Bust out your molcajete and raise a chip: May is National Salsa Month. While some may think of salsa as red, served in a jar, and available in mild, medium, and hot, Latin Americans revere salsa and celebrate its vastly nuanced variations. Made with fresh, seasonal ingredients and customized to suit any taste, mood, or occasion, salsas can be a beautiful and gourmet dish. From zesty to spicy to smoky to sweet, salsa is perfect on eggs, with veggies, atop chicken and fish, and in beans and soups. Salsas are, in fact, incredibly versatile.
To celebrate National Salsa Month (don't you just love food holidays?), whip up a few batches and have a taste test. Don't forget to load up on our favorite salsa bowls! Enjoy!
Salsa doesn’t have to clobber you with spice in order to be authentic. Conversely, it shouldn't be bland. Rather, salsa should enhance the natural flavors of the dish it accompanies. This Creamy Avocado Salsa does just that. Mildly piquant and easy to make, it is absolutely delicious on fried tostadas, chalupas, gorditas and flautas. It's also a great sandwich spread or dip for cold shrimp. We even like it on our eggs!
Gorgeous, honey sweet pineapples are in every produce market these days. Peeled, cored and chopped for your convenience, it would be a crime to pass them over for jarred salsa. Making Salsa de Piña couldn’t be easier. Of course, we love it on Camarones de Coco, but add a spoonful to your next fish taco or even your pork carnitas, and you will be hooked. Make it a day ahead and let the flavors marry. (Salsa gets hotter when left overnight.)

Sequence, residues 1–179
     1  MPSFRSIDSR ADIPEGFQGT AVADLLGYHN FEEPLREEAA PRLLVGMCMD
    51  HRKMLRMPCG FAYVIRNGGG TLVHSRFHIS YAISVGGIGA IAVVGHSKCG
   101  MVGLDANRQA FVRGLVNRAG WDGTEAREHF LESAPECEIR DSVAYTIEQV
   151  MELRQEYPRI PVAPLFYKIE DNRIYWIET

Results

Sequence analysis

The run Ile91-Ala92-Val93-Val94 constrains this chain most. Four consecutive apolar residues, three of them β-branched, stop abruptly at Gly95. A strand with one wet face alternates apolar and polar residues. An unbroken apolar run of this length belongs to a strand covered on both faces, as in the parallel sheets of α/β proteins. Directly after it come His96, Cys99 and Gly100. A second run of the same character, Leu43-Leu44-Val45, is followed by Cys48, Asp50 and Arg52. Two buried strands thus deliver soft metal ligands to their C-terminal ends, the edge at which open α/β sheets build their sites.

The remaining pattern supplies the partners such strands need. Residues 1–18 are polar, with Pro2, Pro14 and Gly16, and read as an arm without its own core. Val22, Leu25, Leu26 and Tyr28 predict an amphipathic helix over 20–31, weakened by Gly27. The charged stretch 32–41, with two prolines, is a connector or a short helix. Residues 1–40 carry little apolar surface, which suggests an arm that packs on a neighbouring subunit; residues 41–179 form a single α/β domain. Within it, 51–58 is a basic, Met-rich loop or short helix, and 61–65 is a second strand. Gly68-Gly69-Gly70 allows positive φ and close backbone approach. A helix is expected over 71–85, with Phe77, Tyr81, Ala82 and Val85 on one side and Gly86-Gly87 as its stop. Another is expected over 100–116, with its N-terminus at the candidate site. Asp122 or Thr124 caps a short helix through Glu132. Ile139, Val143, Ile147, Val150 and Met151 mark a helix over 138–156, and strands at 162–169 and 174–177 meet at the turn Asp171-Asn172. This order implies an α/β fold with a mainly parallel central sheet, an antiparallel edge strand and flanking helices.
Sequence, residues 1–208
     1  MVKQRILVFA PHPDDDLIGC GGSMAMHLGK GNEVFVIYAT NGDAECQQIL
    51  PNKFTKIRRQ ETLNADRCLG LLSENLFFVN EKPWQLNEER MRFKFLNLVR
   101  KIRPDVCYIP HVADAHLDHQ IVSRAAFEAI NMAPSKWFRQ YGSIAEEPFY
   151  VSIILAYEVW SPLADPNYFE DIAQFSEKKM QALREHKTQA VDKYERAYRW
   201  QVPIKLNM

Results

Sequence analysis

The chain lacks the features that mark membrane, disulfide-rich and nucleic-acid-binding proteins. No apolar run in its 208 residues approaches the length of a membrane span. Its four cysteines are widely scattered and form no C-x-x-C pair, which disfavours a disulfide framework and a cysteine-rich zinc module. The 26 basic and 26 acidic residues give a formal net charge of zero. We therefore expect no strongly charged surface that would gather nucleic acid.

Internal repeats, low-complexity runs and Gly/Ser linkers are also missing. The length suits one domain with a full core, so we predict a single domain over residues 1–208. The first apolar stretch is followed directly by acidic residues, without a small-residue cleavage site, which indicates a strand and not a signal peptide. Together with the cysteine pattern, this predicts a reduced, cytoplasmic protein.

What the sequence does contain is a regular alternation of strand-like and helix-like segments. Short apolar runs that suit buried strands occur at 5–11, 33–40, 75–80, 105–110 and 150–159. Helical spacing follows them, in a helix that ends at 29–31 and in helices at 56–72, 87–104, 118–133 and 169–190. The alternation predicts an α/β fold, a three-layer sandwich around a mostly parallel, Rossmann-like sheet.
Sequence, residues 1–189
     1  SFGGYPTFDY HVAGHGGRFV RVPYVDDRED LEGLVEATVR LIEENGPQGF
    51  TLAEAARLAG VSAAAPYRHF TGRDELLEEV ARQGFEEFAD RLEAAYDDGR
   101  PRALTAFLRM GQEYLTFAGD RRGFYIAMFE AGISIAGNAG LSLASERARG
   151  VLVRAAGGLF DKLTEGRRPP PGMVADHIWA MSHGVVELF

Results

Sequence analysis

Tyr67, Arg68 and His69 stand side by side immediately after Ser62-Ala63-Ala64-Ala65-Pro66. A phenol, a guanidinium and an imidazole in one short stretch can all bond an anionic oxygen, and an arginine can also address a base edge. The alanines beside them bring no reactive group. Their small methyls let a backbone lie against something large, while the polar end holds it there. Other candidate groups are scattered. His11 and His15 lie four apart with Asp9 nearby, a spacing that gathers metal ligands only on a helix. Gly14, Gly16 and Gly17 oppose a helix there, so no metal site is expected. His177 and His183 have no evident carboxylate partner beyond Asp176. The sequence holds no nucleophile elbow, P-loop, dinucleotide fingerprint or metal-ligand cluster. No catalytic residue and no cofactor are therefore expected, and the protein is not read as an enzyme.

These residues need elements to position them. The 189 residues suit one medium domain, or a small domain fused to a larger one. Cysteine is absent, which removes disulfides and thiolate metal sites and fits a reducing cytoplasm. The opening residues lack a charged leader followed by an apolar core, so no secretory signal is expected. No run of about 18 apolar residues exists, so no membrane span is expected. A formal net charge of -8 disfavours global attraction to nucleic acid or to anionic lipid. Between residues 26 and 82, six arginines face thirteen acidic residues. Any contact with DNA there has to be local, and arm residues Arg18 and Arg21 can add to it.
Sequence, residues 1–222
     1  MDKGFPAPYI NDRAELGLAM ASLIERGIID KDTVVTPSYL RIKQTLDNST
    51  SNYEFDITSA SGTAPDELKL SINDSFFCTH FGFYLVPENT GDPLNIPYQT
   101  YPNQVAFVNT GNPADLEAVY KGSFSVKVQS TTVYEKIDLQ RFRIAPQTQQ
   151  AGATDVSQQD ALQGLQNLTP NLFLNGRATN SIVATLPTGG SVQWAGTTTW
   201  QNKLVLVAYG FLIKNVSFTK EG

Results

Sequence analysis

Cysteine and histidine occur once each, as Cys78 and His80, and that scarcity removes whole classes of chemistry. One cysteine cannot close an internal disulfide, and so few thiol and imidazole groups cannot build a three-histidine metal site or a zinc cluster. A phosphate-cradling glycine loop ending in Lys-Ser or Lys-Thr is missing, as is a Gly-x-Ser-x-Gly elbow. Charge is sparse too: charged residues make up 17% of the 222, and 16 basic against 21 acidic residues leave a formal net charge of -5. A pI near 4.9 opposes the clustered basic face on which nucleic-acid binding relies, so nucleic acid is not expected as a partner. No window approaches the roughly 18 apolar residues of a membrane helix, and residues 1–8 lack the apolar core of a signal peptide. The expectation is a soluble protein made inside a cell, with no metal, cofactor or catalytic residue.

Tomatillos are small, green tomato-looking chiles that come wrapped in a papery husk. They are relatively mild and if you don’t like heat, you can omit the serrano or jalapeño and proceed with the recipe. Here, they are roasted until tender and smoky and blended with garlic, cilantro, and onion for a classic tomatillo salsa.
Even though this salsa is ready to eat the minute you blend it, you can always opt to heat it for a minute or two in the microwave before you serve it. Add a spoonful to a saucepan of canned beans for a spicier side dish or stir together equal parts mayonnaise and salsa to make a chipotle mayo for sandwiches and burgers.
Here's a delicious alternative to traditional salsa: tangy tomatillos and sweet green apples are roasted until bursting and then tossed with garlic, onion, and chile.
Made with one of the world's hottest peppers, moruga chiles, this spicy salsa isn't for the faint of heart. (If you can't handle the heat - and few can - sub in your favorite chile.) Here, chiles are roasted with tomatoes and tomatillos then blended and topped with fresh, fragrant cilantro.